China in Transition
China Reaching the Lewisian Turning Point: The impact of labor shortage is becoming apparent
Chi Hung KWAN
Consulting Fellow, RIETI
Since the start of its reform and open-door policies, the Chinese economy has been growing rapidly at an average annual growth rate of nearly 10%. One factor that has enabled this is the abundant supply of labor, which was practically unlimited. However, because of the effect of China's "one-child policy," which has been implemented since the early 1980s to control the population, growth in the working-age population is now about to turn negative. In addition, amid the migration of the labor force—mainly young workers—from rural to urban areas due to industrialization and the easing of the household registration system, China has passed the "Lewisian turning point" to enter into a full employment stage in its development process, with its labor supply turning from a surplus to a shortage. The drop in the working-age population and the arrival of this Lewisian turning point will not only lower China's potential growth rate, but also will have a large impact on wages, prices, income distribution, economic structure, government economic policies, international trade, and direct investment.
Labor supply turning from a surplus to a shortage
China is experiencing two turning points: one from an increase to a decrease in its working-age population, and the other from underemployment to full employment in its economic development process, or the Lewisian turning point. This has resulted in the supply of labor turning from a surplus to a shortage (Figure 1).
First, as a result of implementing its one-child policy in the early 1980s, China's working-age population, whose share of total population has started to decline after peaking out at around 2010, is expected to decline in absolute terms from 2015. At the same time, the aging of the population will gather pace (Figure 2).
Also, as a result of the rapid migration of the labor force, particularly younger workers, from the rural areas to the urban areas, there are no longer excess workers in the rural areas. The number of migrant rural residents who have left their places of household registration reached 159 million in 2011 ("2011 Report of the Survey of Migrant Rural Workers in China," National Bureau of Statistics of China). Against this backdrop, the Chinese economy appears to have reached a Lewisian turning point, which means that it has reached a stage of full employment in the development process. As evidence of this, no serious unemployment problem has emerged despite the current economic slowdown, in contrast to the previous depression when a huge number of migrant workers lost their jobs after the collapse of Lehman Brothers in 2008 and had to return home. Also, while the growth rate in real wages was consistently and significantly lower than the real GDP growth rate until 1997, subsequently, this trend has been reversed (Figure 3).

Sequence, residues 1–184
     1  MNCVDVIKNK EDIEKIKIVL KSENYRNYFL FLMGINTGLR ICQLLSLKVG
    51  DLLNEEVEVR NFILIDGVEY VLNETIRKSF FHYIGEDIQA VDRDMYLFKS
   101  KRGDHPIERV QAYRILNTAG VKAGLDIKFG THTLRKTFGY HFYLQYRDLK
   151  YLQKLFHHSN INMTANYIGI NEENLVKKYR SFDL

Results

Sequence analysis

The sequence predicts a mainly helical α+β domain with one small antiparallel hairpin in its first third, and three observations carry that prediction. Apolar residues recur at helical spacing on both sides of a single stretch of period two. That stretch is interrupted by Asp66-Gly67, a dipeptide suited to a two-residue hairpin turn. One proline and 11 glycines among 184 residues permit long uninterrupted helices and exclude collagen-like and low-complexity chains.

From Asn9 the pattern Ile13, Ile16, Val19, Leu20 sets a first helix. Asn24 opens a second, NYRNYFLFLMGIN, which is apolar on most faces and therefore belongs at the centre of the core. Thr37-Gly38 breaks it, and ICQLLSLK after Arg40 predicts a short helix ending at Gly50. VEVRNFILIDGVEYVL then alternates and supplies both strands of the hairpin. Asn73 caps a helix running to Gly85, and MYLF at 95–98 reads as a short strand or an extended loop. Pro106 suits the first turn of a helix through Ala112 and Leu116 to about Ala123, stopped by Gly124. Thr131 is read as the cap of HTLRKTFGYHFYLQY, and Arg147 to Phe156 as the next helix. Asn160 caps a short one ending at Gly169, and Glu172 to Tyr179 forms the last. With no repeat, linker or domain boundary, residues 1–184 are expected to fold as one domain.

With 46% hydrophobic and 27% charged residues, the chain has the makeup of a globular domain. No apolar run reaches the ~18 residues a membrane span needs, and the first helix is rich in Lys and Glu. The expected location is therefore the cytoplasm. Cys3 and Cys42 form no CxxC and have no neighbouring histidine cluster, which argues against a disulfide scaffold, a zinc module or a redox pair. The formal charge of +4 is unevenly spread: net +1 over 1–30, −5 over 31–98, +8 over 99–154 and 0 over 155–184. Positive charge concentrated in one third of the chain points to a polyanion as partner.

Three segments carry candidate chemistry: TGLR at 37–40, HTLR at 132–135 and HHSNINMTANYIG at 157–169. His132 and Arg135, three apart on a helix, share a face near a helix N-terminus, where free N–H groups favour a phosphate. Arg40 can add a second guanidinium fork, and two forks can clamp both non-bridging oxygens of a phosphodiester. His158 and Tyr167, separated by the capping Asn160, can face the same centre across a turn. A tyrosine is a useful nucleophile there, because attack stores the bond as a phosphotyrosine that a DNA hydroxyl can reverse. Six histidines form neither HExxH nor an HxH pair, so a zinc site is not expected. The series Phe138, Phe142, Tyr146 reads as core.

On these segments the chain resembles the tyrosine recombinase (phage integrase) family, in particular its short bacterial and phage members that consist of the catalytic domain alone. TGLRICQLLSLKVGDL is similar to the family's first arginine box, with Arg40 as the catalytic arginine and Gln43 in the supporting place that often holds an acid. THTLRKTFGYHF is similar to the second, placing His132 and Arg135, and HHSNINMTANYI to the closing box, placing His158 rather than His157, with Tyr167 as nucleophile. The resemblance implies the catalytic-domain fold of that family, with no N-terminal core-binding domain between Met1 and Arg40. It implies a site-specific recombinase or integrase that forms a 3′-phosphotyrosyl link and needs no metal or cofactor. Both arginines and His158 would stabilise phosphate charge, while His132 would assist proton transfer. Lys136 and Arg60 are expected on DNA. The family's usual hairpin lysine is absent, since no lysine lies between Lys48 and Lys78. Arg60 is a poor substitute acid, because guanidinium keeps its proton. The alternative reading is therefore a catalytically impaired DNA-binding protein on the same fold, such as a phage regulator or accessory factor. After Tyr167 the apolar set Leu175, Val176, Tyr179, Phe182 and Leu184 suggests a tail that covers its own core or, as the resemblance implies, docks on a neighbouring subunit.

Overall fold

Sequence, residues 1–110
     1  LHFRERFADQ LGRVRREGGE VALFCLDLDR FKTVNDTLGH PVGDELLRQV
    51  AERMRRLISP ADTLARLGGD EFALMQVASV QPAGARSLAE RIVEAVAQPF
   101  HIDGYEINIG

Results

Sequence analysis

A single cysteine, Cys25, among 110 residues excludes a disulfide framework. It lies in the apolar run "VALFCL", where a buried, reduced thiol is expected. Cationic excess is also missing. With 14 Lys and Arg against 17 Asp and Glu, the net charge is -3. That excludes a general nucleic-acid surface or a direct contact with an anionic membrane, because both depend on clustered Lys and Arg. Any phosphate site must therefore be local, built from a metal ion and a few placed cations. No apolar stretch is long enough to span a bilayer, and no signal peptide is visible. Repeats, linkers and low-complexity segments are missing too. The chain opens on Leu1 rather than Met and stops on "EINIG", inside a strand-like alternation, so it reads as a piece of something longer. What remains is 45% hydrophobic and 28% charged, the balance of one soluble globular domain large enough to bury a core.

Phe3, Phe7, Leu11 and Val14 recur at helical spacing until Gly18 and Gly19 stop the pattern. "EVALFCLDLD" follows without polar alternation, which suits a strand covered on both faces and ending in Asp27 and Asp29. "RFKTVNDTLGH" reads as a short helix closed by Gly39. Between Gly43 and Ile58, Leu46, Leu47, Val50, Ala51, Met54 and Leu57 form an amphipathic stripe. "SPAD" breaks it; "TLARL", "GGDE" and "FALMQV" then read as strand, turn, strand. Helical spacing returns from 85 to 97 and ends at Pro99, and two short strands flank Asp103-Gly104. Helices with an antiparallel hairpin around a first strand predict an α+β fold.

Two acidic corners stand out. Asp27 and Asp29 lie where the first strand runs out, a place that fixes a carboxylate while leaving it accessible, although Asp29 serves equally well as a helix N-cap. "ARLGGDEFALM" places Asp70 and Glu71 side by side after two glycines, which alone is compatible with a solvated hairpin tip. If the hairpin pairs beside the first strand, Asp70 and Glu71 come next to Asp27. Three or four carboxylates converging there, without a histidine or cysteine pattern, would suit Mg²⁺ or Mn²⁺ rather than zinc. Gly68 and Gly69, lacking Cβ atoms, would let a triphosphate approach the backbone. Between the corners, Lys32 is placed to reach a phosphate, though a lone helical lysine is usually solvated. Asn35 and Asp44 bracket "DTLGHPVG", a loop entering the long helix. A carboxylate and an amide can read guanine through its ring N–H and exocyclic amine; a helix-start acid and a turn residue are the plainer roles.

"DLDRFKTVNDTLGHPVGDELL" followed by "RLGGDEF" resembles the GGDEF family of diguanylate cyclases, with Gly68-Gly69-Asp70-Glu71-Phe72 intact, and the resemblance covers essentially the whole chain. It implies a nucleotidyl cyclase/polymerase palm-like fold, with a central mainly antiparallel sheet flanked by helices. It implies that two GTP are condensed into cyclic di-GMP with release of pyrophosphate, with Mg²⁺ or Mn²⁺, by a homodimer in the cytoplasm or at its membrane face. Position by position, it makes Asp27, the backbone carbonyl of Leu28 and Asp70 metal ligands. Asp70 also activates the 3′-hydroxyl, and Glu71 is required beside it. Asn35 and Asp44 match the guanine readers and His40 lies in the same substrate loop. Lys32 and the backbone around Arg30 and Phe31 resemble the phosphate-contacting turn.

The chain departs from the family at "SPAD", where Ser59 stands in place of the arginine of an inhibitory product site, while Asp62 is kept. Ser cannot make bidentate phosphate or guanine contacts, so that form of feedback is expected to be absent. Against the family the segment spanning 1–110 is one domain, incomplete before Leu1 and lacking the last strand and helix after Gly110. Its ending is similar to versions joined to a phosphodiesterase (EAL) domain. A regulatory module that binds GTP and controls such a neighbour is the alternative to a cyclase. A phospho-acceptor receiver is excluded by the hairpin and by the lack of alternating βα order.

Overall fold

The shift in the working-age population from an upward to a downward trend and the shift from underemployment to full employment are two distinctive concepts and usually occur at different times. Japan, for example, is believed to have achieved full employment in the early 1960s (Ryoshin Minami, Nihon Keizai no Tenkan Ten: Roudou no Kajo kara Fusoku e [The turning point of the Japanese economy: From a labor surplus to a labor shortage], Sobunsha, 1970), but its working-age population did not begin decreasing until around 1995 (World Population Prospects: The 2010 Revision, United Nations). In contrast, it appears that these two turning points have arrived at the same time in China, so the extent of the labor shortage and the subsequent impact on its economy is greater than in other countries.
Rising wages and their impact
The shift from labor surplus to labor shortage, through driving up wages, will have the following effects on the Chinese economy.
First, workers' share of the national income will increase, helping to reduce the income gap. The change in the labor market from a buyer's market to a seller's market will not only lead to rising wages, but also improve workers' rights through shortening working hours and speeding up the reform of the household registration system. Together with a drop in the unemployment rate, these improvements will contribute to social stability.
Second, the regional gap will contract. Given that the labor shortage and rising wages are more evident in coastal areas than in inland areas, the shift of industries from the former to the latter is accelerating, particularly in labor-intensive industries. This shift, which can be considered as the domestic version of the "flying geese formation," has already resulted in a pattern of high growth characterized by higher economic growth in the west (inland areas) than in the east (coastal areas) since 2007. As a result, the regional gap, which had continued to widen in the past, is now narrowing.